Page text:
Like Cardinal Manufacturing in Strum, Wisconsin, Rocket Manufacturing in Rock Valley, Iowa takes “hands-on learning” to a whole new level. Both programs run actual manufacturing businesses with real clients, providing students with work experience in the trades before they even graduate from high school.
The revolutionary concept has the potential to solve two major problems, the “skills gap” and the “funding gap.” As for the latter, these in-school businesses self-produce the funding needed to maintain training programs in the industrial arts. Industrial arts programs in public high schools have dwindled nationally, in part because of a lack of funding. That’s not an issue for Rocket Manufacturing.
As for the skills gap, Rocket Manufacturing helps students learn the technical skills as well as the soft skills needed to run a successful manufacturing business. The program’s mission is to bridge “the skills gap by linking business and education while providing students with real world manufacturing experiences.”
History of Rocket Manufacturing
The concept of Rocket Manufacturing was first presented to the Rock Valley Community School Board in 2008, but the program didn’t take off until the spring of 2015. This was after former Iowa Gov. Terry Branstad’s administration took interest in the idea. His STEM Advisory Council named Rocket Manufacturing a STEM BEST school and the program received a $25,000 award to help get things moving.
Along the way, instructors with Rocket Manufacturing met with the leaders of Cardinal Manufacturing in Wisconsin to receive advice and consultation.
During the first semester of the program in the spring of 2015, students participated in job shadows at local manufacturing businesses while Rocket Manufacturing worked on completing its own shop. That summer, instructor Todd Vander Velde spent six weeks shadowing workers at Valley Manufacturing.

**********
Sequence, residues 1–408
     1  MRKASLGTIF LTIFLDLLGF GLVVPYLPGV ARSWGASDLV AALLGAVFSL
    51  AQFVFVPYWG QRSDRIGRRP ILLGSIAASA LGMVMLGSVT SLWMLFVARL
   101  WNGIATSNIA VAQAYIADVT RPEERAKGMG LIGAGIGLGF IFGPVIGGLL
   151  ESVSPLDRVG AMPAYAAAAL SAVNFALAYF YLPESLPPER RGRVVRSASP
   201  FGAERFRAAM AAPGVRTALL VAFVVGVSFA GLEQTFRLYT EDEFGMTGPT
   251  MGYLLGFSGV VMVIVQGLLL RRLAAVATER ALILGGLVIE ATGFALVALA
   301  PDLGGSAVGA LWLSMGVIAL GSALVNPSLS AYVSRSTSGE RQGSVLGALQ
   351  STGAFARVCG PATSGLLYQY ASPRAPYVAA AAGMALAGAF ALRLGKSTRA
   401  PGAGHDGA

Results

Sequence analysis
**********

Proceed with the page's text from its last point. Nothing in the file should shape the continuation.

By the start of the 2015-2016 academic year, Rocket Manufacturing was up and running as instructors continued to receive help from local businesses on appropriate machine usage and procedures. The 2016-2017 school year marked the start of manufacturing small parts for local clients.
As of the 2018-2019 school year, Rocket Manufacturing was running with little to no help from local businesses, though it continues its partnerships with local businesses so as to encourage students to enter the local workforce when they graduate.
Twenty juniors and seniors are accepted into the program annually after completing prerequisites and applying and interviewing for the program like any other job.
Rock Valley Schools Superintendent Chad Janzen said Rocket Manufacturing “fits the needs of all kinds of students.”
“What’s great about this program is any type of student fits into Rocket Manufacturing because there’s different niches and something in it for everybody,” he said.
Rocket Manufacturing provides a number of services for the local community, including CNC mill work, vinyl cutting, metal fabrication, CNC lathe work, welding, metal repair, plasma cutting, and woodworking. And since it’s a business, some students are tasked with managing the accounting side of the operation.
Micah Weber, an instructor with Rocket Manufacturing, stressed the importance of building relationships with local businesses in starting the program.
“The key part if you were another school that was looking at doing something like Rocket Manufacturing is community support—finding those two or three other major individuals in the community that would be willing to stand beside you and help guide you through everything,” he said.
The program continues to receive recognition throughout the state. The Northwest Iowa Development group presented Rocket Manufacturing with the Business Innovation Award in 2016. That same year, Rocket Manufacturing won first place in the “Governor’s Future Ready Iowa” promotional video contest.
When Ivanka Trump visited Iowa in March 2018, Gov. Kim Reynolds touted the success of Rocket Manufacturing.
With the new school year underway, Rocket Manufacturing is “back and ready to work.”
“We look forward to serving you in your agriculture, metal signs, custom work and machining needs,” the student-run business said on Twitter.
We're back and ready to work! We look forward to serving you in your agriculture, metal signs, custom work and machining needs. pic.twitter.com/KjfEWO9PFs
— Rocket Manufacturing (@rocketmfg) September 18, 2019
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Anthony Gockowski is managing editor of Battleground State News, The Ohio Star, and The Minnesota Sun. Follow Anthony on Twitter. Email tips to firstname.lastname@example.org.
Photo “Rocket Manufacturing” by Rocket Manufacturing.